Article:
2015-2016 Digital Studies Fellows

Each year, the DSC invites applications for Digital Studies Fellowships. Fellows commit to teaching one course in the Digital Humanities Certificate program while also spending a semester doing research. Fellows are both visiting and current members of the Rutgers-Camden community. It is the DSC’s pleasure to announce the 2015-2016 Academic Year Digital Studies Fellows:

 

meredith-bakMeredith Bak
Meredith researches historical and contemporary toys and children’s new media from the nineteenth century to the present. She is at work on a book manuscript examining the role of pre-cinematic optical toys in cultivating children as modern media spectators.

Fellow Research:
As a Digital Studies Fellow, Bak will undertake research for a project provisionally entitled “Interfacing Play: Animate Toys from Talking Dolls to Augmented Reality,” which considers toys brought “to life” via technological means since the late nineteenth century. The project historicizes and theorizes these toys through an examination of their material properties and the social and cultural debates that often accompany them in order to consider how technology is understood variously to augment the child’s imagination and creativity and address perceived problems of children’s attention and engagement.

DH Certificate Course:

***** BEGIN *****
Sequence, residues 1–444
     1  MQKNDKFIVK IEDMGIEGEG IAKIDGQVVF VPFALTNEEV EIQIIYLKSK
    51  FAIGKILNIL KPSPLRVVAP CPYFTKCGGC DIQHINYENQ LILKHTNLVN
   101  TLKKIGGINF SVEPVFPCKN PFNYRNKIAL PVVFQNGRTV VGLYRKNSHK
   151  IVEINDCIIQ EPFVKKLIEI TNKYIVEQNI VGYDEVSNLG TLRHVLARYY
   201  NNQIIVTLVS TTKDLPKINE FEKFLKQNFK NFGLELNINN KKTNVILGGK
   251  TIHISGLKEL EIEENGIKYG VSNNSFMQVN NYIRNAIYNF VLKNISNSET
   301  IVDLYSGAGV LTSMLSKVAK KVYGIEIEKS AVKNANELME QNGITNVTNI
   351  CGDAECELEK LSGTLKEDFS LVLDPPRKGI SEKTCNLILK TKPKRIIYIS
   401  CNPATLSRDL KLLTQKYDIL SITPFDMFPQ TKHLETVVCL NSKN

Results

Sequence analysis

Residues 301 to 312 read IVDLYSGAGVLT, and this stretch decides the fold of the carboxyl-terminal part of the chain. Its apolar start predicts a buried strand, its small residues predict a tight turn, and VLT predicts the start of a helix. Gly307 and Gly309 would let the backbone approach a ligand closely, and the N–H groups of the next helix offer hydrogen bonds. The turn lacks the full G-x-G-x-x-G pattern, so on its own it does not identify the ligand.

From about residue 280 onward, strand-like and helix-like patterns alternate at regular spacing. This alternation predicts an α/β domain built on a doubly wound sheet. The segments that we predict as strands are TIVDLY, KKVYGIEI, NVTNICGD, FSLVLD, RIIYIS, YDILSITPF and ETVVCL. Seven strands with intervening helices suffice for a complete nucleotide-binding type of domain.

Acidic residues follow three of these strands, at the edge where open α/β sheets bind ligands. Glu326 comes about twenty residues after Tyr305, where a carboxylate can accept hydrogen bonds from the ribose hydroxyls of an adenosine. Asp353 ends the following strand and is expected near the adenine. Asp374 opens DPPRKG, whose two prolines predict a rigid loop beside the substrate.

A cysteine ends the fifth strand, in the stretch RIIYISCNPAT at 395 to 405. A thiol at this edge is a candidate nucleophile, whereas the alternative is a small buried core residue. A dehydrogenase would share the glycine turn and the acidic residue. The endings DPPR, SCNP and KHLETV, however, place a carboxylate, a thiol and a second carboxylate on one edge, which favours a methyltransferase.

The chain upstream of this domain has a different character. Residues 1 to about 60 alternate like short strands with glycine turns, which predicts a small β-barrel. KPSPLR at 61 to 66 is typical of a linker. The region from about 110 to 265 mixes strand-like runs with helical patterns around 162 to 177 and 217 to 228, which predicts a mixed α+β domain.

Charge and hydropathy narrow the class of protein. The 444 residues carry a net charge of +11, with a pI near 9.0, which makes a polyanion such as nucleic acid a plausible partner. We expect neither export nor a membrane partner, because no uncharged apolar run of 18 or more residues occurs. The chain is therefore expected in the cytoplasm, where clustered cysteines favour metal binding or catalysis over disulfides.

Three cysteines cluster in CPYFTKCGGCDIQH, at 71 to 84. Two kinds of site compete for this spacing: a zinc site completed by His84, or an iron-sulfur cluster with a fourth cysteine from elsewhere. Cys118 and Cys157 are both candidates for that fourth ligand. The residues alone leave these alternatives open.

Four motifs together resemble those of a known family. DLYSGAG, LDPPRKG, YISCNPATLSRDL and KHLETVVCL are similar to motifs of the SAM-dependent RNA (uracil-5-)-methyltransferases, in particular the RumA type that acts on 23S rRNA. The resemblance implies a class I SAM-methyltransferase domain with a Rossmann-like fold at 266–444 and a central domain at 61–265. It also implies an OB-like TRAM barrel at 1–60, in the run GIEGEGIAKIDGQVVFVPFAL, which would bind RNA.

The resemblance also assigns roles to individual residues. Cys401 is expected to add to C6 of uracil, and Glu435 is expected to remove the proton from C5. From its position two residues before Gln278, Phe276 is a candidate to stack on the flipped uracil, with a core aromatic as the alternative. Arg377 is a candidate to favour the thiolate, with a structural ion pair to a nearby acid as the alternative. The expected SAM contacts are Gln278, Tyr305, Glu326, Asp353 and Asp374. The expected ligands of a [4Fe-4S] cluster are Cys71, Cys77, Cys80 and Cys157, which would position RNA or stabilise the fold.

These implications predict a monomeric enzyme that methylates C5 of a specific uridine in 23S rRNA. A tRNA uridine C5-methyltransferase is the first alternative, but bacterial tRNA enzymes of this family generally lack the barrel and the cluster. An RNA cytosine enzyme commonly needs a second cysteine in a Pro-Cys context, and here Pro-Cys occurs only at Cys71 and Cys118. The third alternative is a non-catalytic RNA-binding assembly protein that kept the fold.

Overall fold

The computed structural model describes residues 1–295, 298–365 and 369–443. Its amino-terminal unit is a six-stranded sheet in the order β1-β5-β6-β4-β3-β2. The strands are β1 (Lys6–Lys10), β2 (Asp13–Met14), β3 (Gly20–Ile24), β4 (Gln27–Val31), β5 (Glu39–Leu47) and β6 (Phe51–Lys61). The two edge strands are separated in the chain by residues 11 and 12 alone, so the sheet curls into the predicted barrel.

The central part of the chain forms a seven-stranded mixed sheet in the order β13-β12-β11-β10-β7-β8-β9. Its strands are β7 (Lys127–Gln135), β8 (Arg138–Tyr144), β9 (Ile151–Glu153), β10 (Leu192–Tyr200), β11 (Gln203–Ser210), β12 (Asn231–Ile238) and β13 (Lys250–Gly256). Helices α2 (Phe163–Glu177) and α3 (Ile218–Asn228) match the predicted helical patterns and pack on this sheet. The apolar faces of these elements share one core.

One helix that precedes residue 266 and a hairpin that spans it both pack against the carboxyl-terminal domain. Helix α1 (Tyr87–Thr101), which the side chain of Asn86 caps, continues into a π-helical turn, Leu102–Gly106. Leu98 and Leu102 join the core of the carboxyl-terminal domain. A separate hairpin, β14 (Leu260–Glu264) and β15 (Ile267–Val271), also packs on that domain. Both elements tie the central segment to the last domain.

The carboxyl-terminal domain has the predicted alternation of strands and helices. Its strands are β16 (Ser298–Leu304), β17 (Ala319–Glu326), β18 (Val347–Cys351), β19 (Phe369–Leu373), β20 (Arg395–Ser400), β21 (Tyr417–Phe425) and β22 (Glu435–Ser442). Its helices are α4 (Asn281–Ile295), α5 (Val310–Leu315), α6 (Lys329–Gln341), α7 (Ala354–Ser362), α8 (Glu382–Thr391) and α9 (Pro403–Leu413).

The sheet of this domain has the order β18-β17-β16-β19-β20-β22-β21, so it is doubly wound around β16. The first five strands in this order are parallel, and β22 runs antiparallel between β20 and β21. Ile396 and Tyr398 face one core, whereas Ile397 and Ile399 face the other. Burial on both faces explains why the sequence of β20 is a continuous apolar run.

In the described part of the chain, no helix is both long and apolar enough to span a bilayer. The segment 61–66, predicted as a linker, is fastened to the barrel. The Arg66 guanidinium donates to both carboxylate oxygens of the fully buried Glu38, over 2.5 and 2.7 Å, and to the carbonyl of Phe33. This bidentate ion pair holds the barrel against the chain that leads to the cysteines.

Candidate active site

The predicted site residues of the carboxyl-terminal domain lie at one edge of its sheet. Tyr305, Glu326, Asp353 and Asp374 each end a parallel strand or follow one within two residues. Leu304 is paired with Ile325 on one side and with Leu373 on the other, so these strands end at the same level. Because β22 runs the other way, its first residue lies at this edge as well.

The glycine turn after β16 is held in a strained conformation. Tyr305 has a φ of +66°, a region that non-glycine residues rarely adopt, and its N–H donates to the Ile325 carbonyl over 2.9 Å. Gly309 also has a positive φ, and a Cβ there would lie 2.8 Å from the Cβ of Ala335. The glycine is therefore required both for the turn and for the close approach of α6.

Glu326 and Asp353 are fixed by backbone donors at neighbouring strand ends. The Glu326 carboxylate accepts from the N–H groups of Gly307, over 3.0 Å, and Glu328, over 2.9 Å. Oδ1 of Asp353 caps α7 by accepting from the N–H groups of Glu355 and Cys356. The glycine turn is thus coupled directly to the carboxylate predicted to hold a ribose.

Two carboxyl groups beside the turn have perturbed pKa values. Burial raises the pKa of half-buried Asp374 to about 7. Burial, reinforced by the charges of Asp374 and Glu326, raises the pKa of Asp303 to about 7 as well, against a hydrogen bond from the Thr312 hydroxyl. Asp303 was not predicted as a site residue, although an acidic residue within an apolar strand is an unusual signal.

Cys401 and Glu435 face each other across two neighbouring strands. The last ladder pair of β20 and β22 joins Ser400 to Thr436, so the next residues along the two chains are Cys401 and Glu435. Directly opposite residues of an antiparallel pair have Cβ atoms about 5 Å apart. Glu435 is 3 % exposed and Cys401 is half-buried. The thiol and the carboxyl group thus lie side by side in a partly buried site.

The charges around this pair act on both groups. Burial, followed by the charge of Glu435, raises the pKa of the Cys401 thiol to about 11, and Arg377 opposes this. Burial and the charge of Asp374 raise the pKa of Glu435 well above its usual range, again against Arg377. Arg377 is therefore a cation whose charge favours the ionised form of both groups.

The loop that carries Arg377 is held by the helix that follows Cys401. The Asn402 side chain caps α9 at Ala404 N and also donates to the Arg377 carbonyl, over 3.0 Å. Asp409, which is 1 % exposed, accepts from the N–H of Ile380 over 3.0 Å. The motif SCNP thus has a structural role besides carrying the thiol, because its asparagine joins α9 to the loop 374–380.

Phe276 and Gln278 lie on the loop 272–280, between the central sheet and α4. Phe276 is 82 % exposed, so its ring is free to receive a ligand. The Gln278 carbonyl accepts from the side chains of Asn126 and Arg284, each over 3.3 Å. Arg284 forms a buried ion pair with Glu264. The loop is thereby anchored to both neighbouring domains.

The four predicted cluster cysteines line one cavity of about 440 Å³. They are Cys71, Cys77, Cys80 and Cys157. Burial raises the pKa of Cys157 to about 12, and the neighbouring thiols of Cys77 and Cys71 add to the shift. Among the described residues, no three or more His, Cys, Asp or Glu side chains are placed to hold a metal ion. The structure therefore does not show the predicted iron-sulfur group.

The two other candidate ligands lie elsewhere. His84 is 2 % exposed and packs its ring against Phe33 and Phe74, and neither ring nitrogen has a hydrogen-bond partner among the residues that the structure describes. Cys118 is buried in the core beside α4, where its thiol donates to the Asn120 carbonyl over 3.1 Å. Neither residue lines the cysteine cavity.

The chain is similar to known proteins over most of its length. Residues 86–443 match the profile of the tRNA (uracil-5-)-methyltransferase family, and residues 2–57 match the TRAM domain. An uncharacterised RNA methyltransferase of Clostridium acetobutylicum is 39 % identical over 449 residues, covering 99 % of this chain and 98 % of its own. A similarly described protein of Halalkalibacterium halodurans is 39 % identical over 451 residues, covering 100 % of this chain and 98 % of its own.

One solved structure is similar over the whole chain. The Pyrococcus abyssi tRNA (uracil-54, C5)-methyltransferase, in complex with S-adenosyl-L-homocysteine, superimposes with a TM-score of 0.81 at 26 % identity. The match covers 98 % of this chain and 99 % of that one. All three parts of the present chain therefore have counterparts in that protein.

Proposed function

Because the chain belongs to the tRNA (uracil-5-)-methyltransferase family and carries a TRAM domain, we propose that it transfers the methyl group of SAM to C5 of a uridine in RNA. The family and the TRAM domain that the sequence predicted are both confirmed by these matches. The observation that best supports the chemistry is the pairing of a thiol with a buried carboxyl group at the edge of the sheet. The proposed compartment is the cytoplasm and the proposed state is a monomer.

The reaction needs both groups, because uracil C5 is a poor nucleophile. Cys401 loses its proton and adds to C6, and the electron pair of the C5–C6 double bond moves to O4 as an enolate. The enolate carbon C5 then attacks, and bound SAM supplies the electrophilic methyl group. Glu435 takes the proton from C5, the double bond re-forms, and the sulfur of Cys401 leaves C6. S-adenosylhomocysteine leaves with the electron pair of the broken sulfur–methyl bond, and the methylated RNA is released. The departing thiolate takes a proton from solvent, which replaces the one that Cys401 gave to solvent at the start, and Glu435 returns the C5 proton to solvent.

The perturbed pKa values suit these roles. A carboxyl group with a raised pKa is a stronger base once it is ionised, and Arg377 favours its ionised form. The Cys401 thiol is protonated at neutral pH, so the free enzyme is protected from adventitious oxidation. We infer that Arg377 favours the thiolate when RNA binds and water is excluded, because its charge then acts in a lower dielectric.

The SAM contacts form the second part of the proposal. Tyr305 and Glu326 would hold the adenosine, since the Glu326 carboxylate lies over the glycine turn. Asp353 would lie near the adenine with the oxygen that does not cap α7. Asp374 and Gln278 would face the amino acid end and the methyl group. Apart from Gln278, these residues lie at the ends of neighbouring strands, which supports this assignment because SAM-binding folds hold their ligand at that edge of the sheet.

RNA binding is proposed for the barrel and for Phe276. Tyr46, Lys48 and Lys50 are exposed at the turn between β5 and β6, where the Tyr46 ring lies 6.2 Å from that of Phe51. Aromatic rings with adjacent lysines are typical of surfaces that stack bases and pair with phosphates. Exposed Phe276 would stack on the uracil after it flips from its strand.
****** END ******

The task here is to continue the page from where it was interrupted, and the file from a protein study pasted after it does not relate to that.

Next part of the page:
Toy Design
Fall 2015
50:163:386
Monday & Wednesday 6:00PM – 7:20PM ATG-109


NicolePhoto

Nicole Karapanagiotis
As a scholar of religion, Nicole’s particular areas of passion and expertise are in devotional Hinduisms, Indian theistic philosophies, and the intersection of religious ritual, text, and new media. Her primary area of research centers around questions of tradition and innovation particularly with respect to Hindu religious rituals that are promoted and performed on the Internet.

Fellow Research:
Nicole will work on a book manuscript that examines the new and increasing availability of Hindu gods and goddesses on temple websites, YouTube channels, social media sites, and smartphone apps. In this project, she will investigate the implications of the move of these gods and goddesses to the Internet, both in terms of philosophical conceptions of divine embodiment, as well as academic debates on the mechanisms of ritual.

DH Certificate Course:
Seeking and Selling God Online
50:840:293
Fall 2015
Tuesday & Thursday 1:30PM – 2:50PM ATG-206


AdamNash_Portrait

Adam Nash
Adam Nash is a game designer, writer, composer, and educator from South Jersey.  After graduating with his Masters from NYU’s Interactive Telecommunications Program, Adam turned his thesis project, The Artizens, into a real-market video game funded by Kickstarter.  Adam also teaches game development at Drexel University and works freelance jobs as game designer, writer, and music composer for studios such as This is Pop, Starlight Runner Entertainment, the Philadelphia Game Lab, and local indie developers.

Fellow Research:
Adam is forming the R-C Game Studio (website coming soon), an on-campus extracurricular activity in which volunteer students have a semester and a shoestring budget to design, create, and market a video game with the intention of self-publishing it in the real world.  Given today’s indie- and art-game landscape, and given the recent democratizing of game-making tools, what is possible for a small team of students with a small budget?

DH Certificate Course:
Interactive Storytelling, or: “Help, I’ve Never Met My Main Character!”
Coming Spring 2016